On October 21, 1959, the Guggenheim first opened its doors on New York City's Fifth Avenue.
Thousands of people stood in line for hours outside of the strange white concrete building that looked like an upside-down cupcake with train tracks running through the middle.
It was the opening day at the Guggenheim Museum, a cutting edge collection of art and culture that had one of the most contemporary collections of modern and unique art in the entire world.
Solomon R. Guggenheim, a mining tycoon turned serious art collector, began curating his massive collection in the 1930s. Once his collection hit a number of pieces that he was excited to display, he would fill rented out car showrooms in Manhattan until his collection outgrew the warehouses he would find.
With the help of a German baroness and visual artist named Hilla Rebay, Guggenheim developed his collection to become something that was much larger than anyone ever expected.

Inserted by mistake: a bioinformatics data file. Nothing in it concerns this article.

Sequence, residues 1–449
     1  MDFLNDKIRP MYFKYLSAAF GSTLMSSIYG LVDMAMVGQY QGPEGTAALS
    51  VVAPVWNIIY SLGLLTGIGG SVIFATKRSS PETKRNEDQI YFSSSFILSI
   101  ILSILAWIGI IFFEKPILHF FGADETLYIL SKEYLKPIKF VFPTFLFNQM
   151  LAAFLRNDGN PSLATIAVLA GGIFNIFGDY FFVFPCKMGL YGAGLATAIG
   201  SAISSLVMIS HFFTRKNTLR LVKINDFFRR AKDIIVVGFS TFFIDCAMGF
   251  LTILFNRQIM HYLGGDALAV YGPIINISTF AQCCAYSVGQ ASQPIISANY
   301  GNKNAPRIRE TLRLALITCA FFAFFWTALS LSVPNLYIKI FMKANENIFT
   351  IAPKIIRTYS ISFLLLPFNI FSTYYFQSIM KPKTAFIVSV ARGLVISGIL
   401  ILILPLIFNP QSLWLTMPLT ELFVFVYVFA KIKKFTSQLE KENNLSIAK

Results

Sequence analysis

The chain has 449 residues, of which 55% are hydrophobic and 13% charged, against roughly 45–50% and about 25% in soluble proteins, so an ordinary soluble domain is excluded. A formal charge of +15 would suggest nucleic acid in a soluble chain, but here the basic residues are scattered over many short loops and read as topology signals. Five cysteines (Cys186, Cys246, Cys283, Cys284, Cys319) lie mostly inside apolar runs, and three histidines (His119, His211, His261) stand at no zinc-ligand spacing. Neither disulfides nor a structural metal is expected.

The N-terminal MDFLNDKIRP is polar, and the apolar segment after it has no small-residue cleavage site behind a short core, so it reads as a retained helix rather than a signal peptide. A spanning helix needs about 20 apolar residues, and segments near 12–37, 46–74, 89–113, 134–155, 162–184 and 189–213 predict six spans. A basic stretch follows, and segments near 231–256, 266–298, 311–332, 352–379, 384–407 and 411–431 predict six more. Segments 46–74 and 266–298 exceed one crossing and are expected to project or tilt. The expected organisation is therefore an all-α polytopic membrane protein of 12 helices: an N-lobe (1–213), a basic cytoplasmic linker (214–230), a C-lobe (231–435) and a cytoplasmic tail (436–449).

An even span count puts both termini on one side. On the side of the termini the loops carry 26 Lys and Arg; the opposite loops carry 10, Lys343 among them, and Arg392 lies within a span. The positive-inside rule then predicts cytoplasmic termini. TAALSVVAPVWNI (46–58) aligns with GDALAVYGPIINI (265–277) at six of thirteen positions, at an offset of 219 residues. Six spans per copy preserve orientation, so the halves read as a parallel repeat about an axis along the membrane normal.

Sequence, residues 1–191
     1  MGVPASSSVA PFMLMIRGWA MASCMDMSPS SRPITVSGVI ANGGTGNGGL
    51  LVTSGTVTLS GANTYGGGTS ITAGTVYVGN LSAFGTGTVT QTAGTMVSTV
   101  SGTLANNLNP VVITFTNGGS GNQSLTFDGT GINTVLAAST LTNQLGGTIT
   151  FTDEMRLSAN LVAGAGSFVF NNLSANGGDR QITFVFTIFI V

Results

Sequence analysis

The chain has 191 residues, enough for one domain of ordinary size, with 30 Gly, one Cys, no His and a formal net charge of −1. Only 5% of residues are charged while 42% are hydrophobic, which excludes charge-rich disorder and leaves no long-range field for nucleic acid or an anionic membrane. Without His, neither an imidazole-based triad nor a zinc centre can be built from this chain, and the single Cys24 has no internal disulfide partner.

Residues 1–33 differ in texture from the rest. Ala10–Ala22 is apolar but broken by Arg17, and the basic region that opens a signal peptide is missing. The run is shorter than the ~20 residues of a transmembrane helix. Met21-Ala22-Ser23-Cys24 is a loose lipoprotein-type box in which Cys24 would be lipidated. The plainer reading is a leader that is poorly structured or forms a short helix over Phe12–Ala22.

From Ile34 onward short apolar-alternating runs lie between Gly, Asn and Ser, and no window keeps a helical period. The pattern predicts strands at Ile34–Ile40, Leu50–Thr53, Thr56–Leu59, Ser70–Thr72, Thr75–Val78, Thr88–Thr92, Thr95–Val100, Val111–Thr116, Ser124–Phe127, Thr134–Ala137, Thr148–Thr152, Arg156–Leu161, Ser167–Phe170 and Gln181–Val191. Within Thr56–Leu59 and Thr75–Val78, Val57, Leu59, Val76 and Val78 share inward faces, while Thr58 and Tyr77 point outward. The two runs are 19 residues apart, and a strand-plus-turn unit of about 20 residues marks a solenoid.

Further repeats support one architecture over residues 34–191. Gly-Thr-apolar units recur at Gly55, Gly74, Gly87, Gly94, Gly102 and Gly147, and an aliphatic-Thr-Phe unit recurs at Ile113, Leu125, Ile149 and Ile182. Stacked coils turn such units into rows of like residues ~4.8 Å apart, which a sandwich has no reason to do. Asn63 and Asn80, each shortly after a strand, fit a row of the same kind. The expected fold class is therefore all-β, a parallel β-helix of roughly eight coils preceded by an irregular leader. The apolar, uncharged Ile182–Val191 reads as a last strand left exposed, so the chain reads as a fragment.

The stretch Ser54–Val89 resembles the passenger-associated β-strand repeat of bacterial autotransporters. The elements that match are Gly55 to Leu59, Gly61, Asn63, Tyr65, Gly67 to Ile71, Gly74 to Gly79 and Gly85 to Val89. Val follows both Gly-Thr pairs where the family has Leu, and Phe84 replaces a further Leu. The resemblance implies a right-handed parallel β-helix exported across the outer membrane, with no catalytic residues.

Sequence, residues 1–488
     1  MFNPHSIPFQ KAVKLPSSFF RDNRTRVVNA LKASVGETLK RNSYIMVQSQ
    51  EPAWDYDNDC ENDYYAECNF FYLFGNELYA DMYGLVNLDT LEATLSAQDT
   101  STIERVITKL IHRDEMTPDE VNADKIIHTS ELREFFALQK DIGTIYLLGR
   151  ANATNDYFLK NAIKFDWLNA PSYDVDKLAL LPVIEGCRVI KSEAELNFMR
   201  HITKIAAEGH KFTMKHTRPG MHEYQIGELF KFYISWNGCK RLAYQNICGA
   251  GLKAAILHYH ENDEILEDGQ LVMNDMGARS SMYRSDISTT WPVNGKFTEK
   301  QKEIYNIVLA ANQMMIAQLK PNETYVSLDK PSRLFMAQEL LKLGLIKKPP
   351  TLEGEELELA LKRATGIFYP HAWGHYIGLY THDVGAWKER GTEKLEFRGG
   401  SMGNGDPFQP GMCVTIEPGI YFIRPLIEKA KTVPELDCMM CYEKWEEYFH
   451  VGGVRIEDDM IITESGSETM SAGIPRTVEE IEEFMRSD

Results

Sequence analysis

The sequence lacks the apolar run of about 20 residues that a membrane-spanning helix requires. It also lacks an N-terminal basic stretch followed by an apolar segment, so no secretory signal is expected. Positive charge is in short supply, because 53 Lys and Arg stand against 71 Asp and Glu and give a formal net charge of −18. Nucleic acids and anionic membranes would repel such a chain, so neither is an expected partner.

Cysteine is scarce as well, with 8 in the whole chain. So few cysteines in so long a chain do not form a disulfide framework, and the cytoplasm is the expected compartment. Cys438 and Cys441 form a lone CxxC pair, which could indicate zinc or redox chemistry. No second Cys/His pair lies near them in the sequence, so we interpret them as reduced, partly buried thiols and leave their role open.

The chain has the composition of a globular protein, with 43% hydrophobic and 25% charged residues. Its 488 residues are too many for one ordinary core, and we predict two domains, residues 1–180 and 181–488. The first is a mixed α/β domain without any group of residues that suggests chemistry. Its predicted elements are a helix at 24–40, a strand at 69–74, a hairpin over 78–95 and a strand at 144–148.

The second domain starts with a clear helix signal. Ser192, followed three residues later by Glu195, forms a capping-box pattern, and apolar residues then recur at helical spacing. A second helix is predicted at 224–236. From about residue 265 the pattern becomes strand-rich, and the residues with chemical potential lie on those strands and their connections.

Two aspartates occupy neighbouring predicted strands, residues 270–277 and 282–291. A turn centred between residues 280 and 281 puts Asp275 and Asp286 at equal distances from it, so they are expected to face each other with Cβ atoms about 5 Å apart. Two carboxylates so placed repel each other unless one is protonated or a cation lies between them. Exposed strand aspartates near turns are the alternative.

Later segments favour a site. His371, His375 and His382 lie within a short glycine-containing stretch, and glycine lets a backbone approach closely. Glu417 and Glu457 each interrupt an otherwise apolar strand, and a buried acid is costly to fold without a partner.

In 1943, Rebay contacted the legendary architect Frank Lloyd Wright about him potentially designing a "temple of spirit." This idea morphed into the creation of the Guggenheim museum, which became the only place in the world where people could come and see just how far art has transformed over the years.
Just 16 years after the consignment, Frank Lloyd Wright created the building and prepared for its opening. He tragically passed away before the doors would open, but he did get to see his creation fill with life before he passed.